4.4 Substituted Cyclohexanes

Monosubstituted cyclohexane

For the cyclohexane ring itself, the two conformers from the ring flipping are equivalent in terms of energy since there are always six hydrogens in axial position and six hydrogens in equatorial position. For substituted cyclohexane however, the two chair conformations are not equivalent any more. Let’s see the example of methylcyclohexane.


Figure 4.4a  (Left one) I, less stable & (Right one) II, more stable

Methylcyclohexane has two chair conformations that are interconvertible through the ring flipping. In conformation the methyl group occupies an axial position, and in conformation II the methyl group occupies an equatorial position. Studies indicate that the conformer II with the equatorial-methyl is more stable, with the energy of about 7.6 kJ/mol lower than the other conformer.

This difference is due to the “1,3-diaxal interaction”. In axial-methyl conformation, the methyl CH3 group (regarded as #1 position) is very close to the axial hydrogens that is one carbon away (regarded as #3 position), and it causes the repulsion between each other that is called the 1,3-diaxal interaction. This type of repulsion is essentially the same as the gauche steric strain because the CH3 group and the CH are in gauche position. While for equatorial-methyl conformer, no such strains applied because the CH3 group and the CH are in anti-position. This interaction could be illustrated more clearly by Newman projection.


Figure 4.4b 1,3-diaxial interaction


For mono-substituted cyclohexane, the equatorial-conformer is more stable than the axial-conformer because of the 1,3-diaxal interaction.


Since 1,3-diaxal interaction is essentially the steric strain, so the larger the size of the substituent, the greater the interaction is. For t-butylcyclohexane, the conformation with the t-butyl group in the equatorial position is about 21 kJ/mol more stable than the axial conformation.

Because of the stability difference between the two chair conformers, the equatorial-conformation is always the predominant one in the equilibrium mixture. The larger the size of the substituent, the larger the energy difference and the equilibrium constant K, so the equilibrium lies more toward the “equatorial” side. For methylcyclohexane, there is about 95% of equatorial-conformer in the mixture, and the percentage is about 99.9% for t-butylcyclohexane.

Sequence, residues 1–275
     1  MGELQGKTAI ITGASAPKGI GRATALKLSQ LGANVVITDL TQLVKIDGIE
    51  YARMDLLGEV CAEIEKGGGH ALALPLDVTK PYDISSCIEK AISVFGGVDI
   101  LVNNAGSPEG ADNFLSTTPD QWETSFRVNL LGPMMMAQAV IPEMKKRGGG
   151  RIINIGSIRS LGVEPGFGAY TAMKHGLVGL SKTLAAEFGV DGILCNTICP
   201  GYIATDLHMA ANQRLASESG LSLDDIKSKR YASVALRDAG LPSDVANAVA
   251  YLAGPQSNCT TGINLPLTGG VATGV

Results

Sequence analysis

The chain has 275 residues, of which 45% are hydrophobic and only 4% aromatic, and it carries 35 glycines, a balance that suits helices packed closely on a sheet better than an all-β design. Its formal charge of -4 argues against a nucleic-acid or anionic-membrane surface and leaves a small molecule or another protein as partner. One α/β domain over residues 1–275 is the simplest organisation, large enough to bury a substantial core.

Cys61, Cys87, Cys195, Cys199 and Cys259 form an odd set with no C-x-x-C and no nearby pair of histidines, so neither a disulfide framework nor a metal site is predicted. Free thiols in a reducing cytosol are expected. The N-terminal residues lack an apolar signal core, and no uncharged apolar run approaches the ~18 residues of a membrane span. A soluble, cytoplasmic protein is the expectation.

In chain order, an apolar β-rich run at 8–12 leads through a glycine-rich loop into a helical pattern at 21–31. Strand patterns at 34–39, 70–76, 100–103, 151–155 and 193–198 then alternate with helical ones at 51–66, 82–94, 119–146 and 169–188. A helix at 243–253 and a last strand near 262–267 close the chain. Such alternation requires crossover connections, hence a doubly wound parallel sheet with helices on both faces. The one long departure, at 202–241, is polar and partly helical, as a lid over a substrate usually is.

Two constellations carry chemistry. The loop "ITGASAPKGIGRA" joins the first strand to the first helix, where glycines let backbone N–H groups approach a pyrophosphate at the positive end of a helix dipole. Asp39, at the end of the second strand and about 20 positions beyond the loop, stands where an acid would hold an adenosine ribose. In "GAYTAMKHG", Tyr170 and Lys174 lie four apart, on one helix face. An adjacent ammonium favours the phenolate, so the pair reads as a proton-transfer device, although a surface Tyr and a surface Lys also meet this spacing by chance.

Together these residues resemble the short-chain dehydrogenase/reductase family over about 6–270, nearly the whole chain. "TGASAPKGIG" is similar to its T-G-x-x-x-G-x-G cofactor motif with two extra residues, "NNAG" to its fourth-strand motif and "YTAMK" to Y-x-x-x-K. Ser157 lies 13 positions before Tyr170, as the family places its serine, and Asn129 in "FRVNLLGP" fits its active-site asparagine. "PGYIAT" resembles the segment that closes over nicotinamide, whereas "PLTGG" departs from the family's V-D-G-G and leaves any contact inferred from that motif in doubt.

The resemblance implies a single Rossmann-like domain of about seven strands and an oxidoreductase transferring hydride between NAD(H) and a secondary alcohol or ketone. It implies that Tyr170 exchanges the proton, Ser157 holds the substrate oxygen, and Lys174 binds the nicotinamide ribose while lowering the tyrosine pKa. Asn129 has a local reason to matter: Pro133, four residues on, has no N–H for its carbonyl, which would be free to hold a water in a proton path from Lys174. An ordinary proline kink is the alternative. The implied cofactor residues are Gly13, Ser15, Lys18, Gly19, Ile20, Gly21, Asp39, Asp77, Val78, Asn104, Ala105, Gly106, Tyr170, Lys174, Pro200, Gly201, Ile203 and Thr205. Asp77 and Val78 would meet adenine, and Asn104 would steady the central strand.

Disubstituted cyclohexane

When there are two substituents on different carbons of a cycloalkane, there are two possible relative position between the two groups, they can be either on the same side, or opposite side, of the ring, that are called geometric isomers, a type of stereoisomers (more discussions in Chapter 5). The isomer with two groups on the same side of the ring is the “cis” isomer, and the one with two groups on opposite side is called the “trans” isomer. Because the C-C bond can not rotate freely due to the restriction of the ring, the two geometric isomers can not be interconverted.


Figure 4.4c cis-1,2-dimethylcyclohexane (same side) & trans-1,2-dimethylcyclohexane (opposite side)

So now when considering about the conformational isomer, the stereoisomers should be taken into account as well. The general guideline for determining the relative stability of conformers for a certain isomer is:

  • The steric effects of all substituents are cumulative, more substituents in equatorial positions, when possible, the more stable the conformation isomer will be.
  • For different substituents, the conformer with larger substituent in equatorial positionis more stable.

Let us start with cis-1,2-dimethylcyclohexane, and compare between the two possible chair conformations:



For both conformations, there is one methyl group in equatorial and the other methyl group in axial, so the two conformers are equivalent, have same energy and stability level.


How to tell a isomer in chair conformation is cis or trans? A general way to recognize is to check that whether a group attached by the bond is above the ring (↑, point up), or below the ring (↓, point down). If both groups point to the same side, the compound is cis isomer; otherwise it is trans isomer.


How about the trans-1,2-dimethylcyclohexane? There are also two possible chair conformations:



In one conformation both methyl groups are axial, in the other conformation both methyl groups are equatorial. These two conformers are not equivalent, and the di-equatorial one is the more stable conformation as we would expect.

cis-1-fluoro-4-isopropylcyclohexane is the structure with two different substituents. Both chair conformations have one axial substituent, and one equatorial substituent. According to the guideline, the conformer with larger substituent in equatorial is more stable because if the large group is axial, stronger steric strain will be generated and it is less stable.


Exercises 4.3

Determine which is the more stable isomer, cis-1-ethyl-2-methylcyclohexane or trans-1-ethyl-2-methylcyclohexane?

Tips: draw all the chair conformers of each isomer, and decide which is the most stable one.

Answers to Practice Questions Chapter 4


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